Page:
Whenever I come across a new metastatic breast cancer blogger I am simultaneously excited and apprehensive. I am glad when another voice joins our MBC online chorus but always fearful if the last post is a few months old: Is this person doing ok? Is he/she still alive?
I was diagnosed with metastatic breast cancer in 2009–most of the veteran MBC bloggers–the women who preceded and inspired me–have since died. Every once in a while, I will come across their blogs when Googling some breast cancer topic. Occasionally, I will follow a link to their sites—I always come away feeling sad–and nostalgic for better days. It’s hard to go back and read the hopeful reports on a new treatment–knowing ultimately how things turned out.
Seven years ago, Facebook was still in its infancy–there were no closed groups. Twitter was only three years old and not in widespread use. If you wanted to connect with other Stage IV MBC patients online, you could go to discussion board like BCMets.org, BreastCancer.org or Inspire.com. In the case of the latter two, people used screen names. This anonymity was helpful for confessing one’s deepest fears or concerns, but also unsettling. If you followed “LuvMyCatz,” for example, you would come to feel like you really knew her. But if LuvMyCatz died, there wasn’t the same closure you would have with an in-person friend–going to a wake or funeral, sending a condolence card and so on. There was also the very real possibility LuvMyCatz would stop posting you and you would never actually know if she had died or even her real name.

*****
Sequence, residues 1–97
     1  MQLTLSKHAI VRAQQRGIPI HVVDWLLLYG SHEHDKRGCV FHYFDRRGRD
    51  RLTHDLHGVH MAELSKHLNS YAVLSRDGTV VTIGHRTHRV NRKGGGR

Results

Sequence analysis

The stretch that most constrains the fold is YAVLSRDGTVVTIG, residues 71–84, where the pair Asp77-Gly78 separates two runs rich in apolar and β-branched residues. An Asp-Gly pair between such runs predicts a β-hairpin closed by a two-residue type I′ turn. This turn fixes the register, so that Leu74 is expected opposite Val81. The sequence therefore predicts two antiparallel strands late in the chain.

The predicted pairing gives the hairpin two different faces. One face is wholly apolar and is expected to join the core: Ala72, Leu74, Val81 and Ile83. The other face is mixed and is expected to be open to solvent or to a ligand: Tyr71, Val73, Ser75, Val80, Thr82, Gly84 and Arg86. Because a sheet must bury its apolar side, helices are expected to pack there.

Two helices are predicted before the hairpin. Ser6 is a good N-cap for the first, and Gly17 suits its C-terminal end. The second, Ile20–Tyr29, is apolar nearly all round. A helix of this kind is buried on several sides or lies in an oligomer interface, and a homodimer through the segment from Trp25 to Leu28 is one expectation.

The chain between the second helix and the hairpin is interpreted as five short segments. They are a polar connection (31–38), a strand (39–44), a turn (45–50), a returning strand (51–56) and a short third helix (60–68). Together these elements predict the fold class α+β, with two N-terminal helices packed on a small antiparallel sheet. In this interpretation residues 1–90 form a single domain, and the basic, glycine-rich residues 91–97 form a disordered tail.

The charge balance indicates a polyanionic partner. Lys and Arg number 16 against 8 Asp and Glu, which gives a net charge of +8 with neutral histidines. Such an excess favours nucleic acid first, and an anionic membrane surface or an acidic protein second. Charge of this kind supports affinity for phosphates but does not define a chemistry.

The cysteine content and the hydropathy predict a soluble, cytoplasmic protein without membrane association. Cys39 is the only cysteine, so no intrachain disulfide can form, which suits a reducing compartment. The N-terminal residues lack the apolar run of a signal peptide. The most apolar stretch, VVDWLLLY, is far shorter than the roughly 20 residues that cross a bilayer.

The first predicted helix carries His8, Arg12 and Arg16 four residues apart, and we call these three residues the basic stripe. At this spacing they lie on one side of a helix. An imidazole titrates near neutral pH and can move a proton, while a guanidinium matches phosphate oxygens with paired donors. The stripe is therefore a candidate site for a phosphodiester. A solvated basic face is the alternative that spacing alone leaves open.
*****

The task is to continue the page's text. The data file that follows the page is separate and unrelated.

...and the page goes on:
Losing non-social media friends is hard, too. For several years, I enjoyed some periods of stability. When your disease is fairly quiet–at least for the moment–what do you say to a friend who is actively dying? For months and even years, we could commiserate on a similar level…my oncologist does things this away, I’ve got scans coming up, do you have any advice for these side effects, etc.
When people are dying, they have crossed into a new and scary territory. Your life is going on (at least for now) and theirs is not. I have never felt more helpless.
Fear and guilt are also pervasive. There is no denying it–what is happening to that person will eventually happen to me. Perhaps my final days will play out differently, but the ending is invariable and inevitable. That person I laughed with, who had a lovely family, a rich array of non-cancer activities and interests and who got excellent care from top doctors, is now dying. And so will I.